Like most other relational database products, PostgreSQL supports aggregate functions.
An aggregate function computes a single result from multiple input rows. For example, there are aggregates to compute the count, sum, avg (average), max (maximum) and min (minimum) over a set of rows.
For example if you want to find out the product with highest unit price then we can query like this:
I am using the database available on my Github public repo
SELECT MAX(unit_price) FROM products; //Output Max 263.5
What if we want to find out the name of the product with that price as well:
SELECT product_name FROM products WHERE unit_price = MAX(unit_price); //THIS IS WRONG
This will not work since the aggregate max cannot be used in the WHERE clause.
This restriction exists because the WHERE clause determines the rows that will go into the aggregation stage; so it has to be evaluated before aggregate functions are computed.
However, as is often the case the query can be restated to accomplish the intended result, here by using a subquery:
SELECT product_name FROM products WHERE unit_price = (SELECT MAX(unit_price) FROM products); //Output product_name "Côte de Blaye"
This is OK because the subquery is an independent computation that computes its own aggregate separately from what is happening in the outer query.
We saw GROUP BY clause examples in this post: Order By And Group By In Postgres
Aggregates are also very useful in combination with GROUP BY clauses.
For example, we can get the maximum unit_price observed in each category_id with:
SELECT category_id, MAX(unit_price) FROM products GROUP BY category_id; //Output category_id, MAX 8 62.5 7 53 1 263.5 5 38 ..... .....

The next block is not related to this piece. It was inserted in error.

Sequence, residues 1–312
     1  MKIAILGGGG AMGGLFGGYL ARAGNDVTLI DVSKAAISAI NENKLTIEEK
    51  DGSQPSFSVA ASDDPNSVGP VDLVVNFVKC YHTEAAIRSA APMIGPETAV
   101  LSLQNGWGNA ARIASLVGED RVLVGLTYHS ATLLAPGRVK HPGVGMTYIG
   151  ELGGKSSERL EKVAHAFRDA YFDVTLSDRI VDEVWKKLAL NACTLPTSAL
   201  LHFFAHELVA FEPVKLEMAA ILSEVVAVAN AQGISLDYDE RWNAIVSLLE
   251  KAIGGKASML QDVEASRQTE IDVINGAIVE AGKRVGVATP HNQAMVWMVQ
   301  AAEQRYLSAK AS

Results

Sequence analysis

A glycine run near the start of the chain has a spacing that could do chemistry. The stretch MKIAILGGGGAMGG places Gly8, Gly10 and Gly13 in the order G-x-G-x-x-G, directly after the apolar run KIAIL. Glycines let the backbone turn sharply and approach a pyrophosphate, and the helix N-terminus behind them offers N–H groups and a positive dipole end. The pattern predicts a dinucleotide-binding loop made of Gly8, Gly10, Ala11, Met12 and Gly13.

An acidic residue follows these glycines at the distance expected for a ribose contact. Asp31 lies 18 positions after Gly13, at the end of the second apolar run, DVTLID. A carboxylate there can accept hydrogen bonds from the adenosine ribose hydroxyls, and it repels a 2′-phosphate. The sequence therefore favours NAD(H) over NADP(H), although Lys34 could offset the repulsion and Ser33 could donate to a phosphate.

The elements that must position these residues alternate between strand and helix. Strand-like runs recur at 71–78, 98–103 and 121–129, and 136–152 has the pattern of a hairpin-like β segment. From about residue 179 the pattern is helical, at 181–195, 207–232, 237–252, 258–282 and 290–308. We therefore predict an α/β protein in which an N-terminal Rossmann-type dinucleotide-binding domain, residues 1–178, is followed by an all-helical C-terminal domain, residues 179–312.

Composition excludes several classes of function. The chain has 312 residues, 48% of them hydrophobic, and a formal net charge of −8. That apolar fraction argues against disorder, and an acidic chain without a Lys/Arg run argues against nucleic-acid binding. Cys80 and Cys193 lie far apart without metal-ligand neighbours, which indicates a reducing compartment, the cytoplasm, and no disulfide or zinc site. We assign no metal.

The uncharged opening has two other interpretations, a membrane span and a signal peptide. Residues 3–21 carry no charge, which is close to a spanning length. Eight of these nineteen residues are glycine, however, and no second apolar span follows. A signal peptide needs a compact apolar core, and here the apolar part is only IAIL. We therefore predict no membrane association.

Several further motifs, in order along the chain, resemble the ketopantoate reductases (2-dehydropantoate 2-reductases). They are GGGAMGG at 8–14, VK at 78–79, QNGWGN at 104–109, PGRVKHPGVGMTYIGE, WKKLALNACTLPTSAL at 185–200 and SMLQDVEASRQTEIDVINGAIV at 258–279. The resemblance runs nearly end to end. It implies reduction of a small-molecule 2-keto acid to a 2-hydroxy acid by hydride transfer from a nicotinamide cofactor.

Of course the results are unordered as I haven’t specified ORDER BY clause.
You can learn about ORDER BY clause in the same blog post: Order By And Group By In Postgres
Each aggregate result is computed over the table rows matching that category_id.
We can filter these grouped rows using HAVING:
SELECT category_id, MAX(unit_price) FROM products GROUP BY category_id HAVING max(unit_price) < 40; //Output category_id, MAX 5 38
We can get the category_name using JOIN as category details are in the different table but that’s not the point of discussion as per now.
We can also use WHERE and HAVING together:
Let’s say we just care about only the product whose names start with ‘Ma’. So, we can apply query like this:
SELECT product_name, category_id, MAX(unit_price) FROM products WHERE product_name LIKE 'Ma%' GROUP BY category_id, product_name HAVING max(unit_price) < 40; //Output product_name, category_id, MAX "Maxilaku" 3 20 "Mascarpone Fabioli" 4 32
Now, of course when you want product_name to be displayed then you must specify it in the GROUP BY clause if you’re not using it in aggregate functions.
It is important to understand the interaction between aggregates and SQL’s WHERE and HAVING clauses.
The fundamental difference between WHERE and HAVING is this:
WHERE selects input rows before groups and aggregates are computed (thus, it controls which rows go into the aggregate computation), whereas HAVING selects group rows after groups and aggregates are computed.
Thus, the WHERE clause must not contain aggregate functions; it makes no sense to try to use an aggregate to determine which rows will be inputs to the aggregates.
On the other hand, the HAVING clause always contains aggregate functions.
Strictly speaking, you are allowed to write a HAVING clause that doesn’t use aggregates, but it’s seldom useful. The same condition could be used more efficiently at the WHERE stage.
database difference HAVING sql clause sql query WHERE